Tuesday: Preposition Rules to Break

Rules to Break

“This is the sort of bloody nonsense up with which I will not put.”

 Winston Churchill

You’ve heard of this rule, right? Don’t end a sentence with a preposition! Well depending on your style, you might want to think of it as only a guideline. Naysayers can quote this book or that, but don’t hold fast to something that might make a particularly fine sentence look confused. Sometimes, for the good of the work, there’s just no way around ending a sentence with a preposition.

There’s a particularly in-depth article by Geoffrey K. Pullum about the quotation above concerning the rule of prepositions paired with an object and those without. Also, there are claims that the “bloody nonsense” comment was misappropriated, but what evidence is there to back that up with?

Prepositions are great. Professors or Grammarphiles might hiss at you, but just smile and say, “What are you lookin’ at?”

Disclaimer: Don’t ever pair “at” with “where,” because it’s redundant. “Where are you?” says it all. “Where are you at?” says more than you would like to think.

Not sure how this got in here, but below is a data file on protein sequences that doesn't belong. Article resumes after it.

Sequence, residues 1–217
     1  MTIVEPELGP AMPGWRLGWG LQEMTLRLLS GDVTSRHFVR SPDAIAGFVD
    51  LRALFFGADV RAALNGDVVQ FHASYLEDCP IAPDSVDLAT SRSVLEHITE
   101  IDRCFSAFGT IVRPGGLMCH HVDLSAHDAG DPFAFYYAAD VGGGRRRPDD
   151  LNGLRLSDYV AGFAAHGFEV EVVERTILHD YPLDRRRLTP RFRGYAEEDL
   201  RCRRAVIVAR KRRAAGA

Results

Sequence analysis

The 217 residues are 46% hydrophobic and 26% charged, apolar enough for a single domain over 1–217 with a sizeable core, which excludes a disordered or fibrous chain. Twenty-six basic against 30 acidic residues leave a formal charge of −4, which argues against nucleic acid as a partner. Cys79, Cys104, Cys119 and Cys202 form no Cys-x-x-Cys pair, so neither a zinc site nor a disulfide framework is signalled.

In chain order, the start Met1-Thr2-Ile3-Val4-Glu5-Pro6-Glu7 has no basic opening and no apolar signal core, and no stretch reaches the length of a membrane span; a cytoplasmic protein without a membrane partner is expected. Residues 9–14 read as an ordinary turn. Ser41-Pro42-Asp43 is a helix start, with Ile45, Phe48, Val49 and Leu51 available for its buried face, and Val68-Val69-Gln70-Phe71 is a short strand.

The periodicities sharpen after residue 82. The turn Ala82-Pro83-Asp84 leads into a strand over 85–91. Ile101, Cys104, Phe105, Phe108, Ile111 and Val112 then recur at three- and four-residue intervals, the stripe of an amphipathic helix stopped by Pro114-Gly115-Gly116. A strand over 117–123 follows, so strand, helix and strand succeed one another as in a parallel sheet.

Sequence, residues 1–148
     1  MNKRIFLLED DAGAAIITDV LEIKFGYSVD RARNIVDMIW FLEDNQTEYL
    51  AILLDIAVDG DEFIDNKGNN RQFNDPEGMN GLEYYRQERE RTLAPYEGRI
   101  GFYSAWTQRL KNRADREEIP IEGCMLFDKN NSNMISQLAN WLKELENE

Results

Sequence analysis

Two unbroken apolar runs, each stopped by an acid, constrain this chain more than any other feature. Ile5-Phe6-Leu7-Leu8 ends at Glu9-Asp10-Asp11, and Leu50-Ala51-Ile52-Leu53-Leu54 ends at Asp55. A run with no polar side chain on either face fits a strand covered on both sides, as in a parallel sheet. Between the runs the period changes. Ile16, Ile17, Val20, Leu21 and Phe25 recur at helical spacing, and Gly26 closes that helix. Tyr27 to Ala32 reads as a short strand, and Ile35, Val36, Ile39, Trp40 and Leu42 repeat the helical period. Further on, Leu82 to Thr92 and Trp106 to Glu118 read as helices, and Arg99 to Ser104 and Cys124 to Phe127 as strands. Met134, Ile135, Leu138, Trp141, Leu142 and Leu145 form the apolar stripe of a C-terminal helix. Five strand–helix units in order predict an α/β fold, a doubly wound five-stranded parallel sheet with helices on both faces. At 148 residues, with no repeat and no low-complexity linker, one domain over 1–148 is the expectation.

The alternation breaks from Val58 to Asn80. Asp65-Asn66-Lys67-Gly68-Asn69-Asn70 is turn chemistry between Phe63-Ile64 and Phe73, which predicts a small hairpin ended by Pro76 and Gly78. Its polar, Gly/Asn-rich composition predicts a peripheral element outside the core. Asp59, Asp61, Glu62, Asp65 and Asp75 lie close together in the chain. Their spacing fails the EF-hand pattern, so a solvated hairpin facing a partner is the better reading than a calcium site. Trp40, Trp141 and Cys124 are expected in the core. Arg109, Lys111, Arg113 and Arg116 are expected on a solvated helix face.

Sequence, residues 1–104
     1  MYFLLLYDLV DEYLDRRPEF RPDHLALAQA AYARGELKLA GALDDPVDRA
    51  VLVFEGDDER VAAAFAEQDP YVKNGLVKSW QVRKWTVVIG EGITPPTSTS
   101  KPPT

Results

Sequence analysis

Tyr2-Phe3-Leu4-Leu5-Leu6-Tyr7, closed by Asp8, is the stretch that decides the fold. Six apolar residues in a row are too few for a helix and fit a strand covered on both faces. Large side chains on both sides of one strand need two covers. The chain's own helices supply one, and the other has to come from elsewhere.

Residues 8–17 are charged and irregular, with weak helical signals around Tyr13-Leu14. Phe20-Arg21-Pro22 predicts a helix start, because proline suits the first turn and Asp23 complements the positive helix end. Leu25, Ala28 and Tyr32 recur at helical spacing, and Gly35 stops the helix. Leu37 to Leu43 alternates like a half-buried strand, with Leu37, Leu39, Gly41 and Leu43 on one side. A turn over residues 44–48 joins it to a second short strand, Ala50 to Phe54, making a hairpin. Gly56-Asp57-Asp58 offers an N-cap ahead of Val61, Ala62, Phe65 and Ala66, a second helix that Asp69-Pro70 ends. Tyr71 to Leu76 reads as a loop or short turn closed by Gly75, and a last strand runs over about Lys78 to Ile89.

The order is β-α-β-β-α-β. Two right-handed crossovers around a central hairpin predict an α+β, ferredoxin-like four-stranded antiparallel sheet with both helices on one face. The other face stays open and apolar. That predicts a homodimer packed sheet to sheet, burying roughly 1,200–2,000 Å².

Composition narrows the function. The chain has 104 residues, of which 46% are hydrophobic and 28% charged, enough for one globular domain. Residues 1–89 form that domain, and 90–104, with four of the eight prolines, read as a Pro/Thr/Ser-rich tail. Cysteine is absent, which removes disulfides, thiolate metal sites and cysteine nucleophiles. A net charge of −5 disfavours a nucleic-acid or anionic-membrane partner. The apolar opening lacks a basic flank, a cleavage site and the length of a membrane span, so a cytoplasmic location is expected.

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And here’s the proper way to write this: EVERY TIME I see somebody spell a word wrong, I look down at the keyboard TO see how close the letter is to the letter THAT’S SUPPOSED to be there [NO COMMA] to see if IT’S socially acceptable to misspell said word.

Just English

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Redundancy.

Redundancy.

The title of the article is “‘Super-Earth’ Alien Planet May Be Habitable for Life.” Uh…so that “for life” part is completely necessary, right?

Find the Typo!

Find the Typo!

You would have earned thousands more dollars if not for a single typo. Should have hired an editor! Or, worse yet, maybe you did. D: That’s the most terrifying Halloween story, ever.